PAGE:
I drink tea because I like the diversity of flavours, aroma and energy each tea has to offer. There is such an array! However, I am repeatedly asked to describe the caffeine content of an average cup of tea. There is no sure answer to this question. The reason is that each tea is different from the next with regard to its chemical components. The kind of tea, processing methods, growing region, soil type, climate conditions, even the time of year the tea is harvested could have an impact on any given tea. All I can say is that there is significantly less caffeine in the average cup of tea than there is in the average cup of coffee (by the way, it is also difficult to determine an exact amount in a cup of coffee for the same reasons!).
There is one exception to this rule (and a rather nebulous rule it is!). Good, vintage, aged, sheng pu erh tea apparently has no caffeine in it. Studies in the UK have determined this to be the case. Some people suggest it has something to do with the fermentation process the tea goes through, but a fully fermented tea (i.e. black tea) still has caffeine, so this theory doesn't hold water for me.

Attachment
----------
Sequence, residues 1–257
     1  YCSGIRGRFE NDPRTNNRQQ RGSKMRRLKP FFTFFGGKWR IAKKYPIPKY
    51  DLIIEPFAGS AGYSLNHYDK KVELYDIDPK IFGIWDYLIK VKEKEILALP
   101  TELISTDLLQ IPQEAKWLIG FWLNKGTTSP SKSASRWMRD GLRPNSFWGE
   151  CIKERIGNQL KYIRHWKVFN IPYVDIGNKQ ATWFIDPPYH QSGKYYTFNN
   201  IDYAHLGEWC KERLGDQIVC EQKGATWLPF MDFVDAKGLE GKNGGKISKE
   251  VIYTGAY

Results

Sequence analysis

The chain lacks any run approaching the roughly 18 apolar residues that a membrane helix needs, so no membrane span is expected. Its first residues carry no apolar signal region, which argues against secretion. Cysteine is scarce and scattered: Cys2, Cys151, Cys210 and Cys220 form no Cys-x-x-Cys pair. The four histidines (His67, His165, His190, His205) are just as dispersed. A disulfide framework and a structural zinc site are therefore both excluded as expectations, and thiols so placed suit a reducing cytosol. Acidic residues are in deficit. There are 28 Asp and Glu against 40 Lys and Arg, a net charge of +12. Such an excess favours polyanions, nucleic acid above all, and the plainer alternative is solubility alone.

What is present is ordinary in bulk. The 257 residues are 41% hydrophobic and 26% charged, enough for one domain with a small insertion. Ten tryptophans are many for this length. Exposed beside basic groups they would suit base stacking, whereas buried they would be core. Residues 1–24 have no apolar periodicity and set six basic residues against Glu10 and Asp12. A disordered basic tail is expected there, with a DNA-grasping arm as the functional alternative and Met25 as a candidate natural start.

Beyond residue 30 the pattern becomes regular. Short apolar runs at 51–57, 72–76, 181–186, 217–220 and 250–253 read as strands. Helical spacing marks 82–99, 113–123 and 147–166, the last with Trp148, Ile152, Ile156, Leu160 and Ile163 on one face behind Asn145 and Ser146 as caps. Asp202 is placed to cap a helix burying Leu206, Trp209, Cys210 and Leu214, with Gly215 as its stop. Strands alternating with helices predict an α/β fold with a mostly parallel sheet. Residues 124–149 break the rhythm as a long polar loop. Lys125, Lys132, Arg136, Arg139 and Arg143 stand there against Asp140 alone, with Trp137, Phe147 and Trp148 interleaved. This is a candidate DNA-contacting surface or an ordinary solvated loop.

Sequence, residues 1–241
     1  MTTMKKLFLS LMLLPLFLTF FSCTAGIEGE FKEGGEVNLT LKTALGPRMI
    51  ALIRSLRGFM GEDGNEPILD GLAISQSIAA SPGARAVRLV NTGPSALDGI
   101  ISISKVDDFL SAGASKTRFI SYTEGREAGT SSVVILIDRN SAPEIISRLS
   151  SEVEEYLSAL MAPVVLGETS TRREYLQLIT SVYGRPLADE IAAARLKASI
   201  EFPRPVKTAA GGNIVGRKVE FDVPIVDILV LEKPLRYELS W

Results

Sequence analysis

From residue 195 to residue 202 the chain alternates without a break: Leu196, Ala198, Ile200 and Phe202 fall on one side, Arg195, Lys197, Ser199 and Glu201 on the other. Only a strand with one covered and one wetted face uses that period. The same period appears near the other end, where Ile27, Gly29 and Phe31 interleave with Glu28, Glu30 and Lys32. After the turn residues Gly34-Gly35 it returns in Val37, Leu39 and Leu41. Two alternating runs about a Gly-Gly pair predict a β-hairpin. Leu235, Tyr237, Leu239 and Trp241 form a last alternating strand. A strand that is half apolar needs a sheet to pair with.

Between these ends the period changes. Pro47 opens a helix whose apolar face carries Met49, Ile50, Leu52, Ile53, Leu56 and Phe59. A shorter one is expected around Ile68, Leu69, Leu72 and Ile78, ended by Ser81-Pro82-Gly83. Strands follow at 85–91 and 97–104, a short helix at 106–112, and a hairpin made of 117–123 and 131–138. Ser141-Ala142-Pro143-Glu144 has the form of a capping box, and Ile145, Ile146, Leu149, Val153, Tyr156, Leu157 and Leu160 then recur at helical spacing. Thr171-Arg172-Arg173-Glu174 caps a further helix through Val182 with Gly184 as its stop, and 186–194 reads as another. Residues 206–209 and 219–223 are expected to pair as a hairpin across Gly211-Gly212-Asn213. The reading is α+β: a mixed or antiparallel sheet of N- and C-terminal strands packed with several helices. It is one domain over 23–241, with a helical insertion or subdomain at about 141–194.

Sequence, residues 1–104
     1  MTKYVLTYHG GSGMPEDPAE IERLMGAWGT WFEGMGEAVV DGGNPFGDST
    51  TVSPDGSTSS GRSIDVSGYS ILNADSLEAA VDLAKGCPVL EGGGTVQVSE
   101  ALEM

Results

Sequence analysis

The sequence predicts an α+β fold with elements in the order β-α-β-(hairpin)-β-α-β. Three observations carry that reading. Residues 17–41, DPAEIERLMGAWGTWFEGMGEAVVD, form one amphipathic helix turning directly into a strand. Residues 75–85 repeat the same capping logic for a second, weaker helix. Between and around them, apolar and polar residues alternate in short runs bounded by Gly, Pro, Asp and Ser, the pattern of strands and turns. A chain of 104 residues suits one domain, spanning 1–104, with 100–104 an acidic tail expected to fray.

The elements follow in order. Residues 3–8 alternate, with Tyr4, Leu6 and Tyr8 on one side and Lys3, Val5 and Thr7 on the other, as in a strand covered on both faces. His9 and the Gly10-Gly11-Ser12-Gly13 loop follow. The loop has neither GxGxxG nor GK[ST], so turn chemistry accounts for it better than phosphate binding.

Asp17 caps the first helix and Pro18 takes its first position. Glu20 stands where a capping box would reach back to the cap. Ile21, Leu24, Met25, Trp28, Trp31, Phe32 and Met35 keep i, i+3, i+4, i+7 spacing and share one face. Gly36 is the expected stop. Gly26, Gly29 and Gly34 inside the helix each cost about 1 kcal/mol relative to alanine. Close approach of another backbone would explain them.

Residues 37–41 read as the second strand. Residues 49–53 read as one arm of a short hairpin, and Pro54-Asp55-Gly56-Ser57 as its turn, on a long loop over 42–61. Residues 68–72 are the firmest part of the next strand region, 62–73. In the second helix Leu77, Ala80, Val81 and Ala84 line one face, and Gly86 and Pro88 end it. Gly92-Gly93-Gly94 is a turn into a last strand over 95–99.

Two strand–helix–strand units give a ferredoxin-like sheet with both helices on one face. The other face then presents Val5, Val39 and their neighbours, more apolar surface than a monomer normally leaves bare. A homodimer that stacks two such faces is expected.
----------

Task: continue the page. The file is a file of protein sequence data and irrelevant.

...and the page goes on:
A note on anti-oxidents. Yes, tea is high in antioxidents. All tea of the camellia sinensis tea family (basically all tea except rooibus and herbal teas) is jam packed with these little goodies. Antioxidents are excellent for maintaining good health and more and more studies indicate there are more and more health benefits to ingesting antioxidents. That said, we cannot get caught up on the nutrient/chemical composition of the tea.
So the general rule? Enjoy your tea as the Chinese enjoy it. For the whole tea. Not just for its chemical composition and nutritional value. Yes, it's healthy for us, yes, there is some caffeine in most of it, but as with most things in life, it's better to enjoy the tea for what it is than overanalyze its individual components. Smell, drink, feel. That is the essence of good tea enjoyment.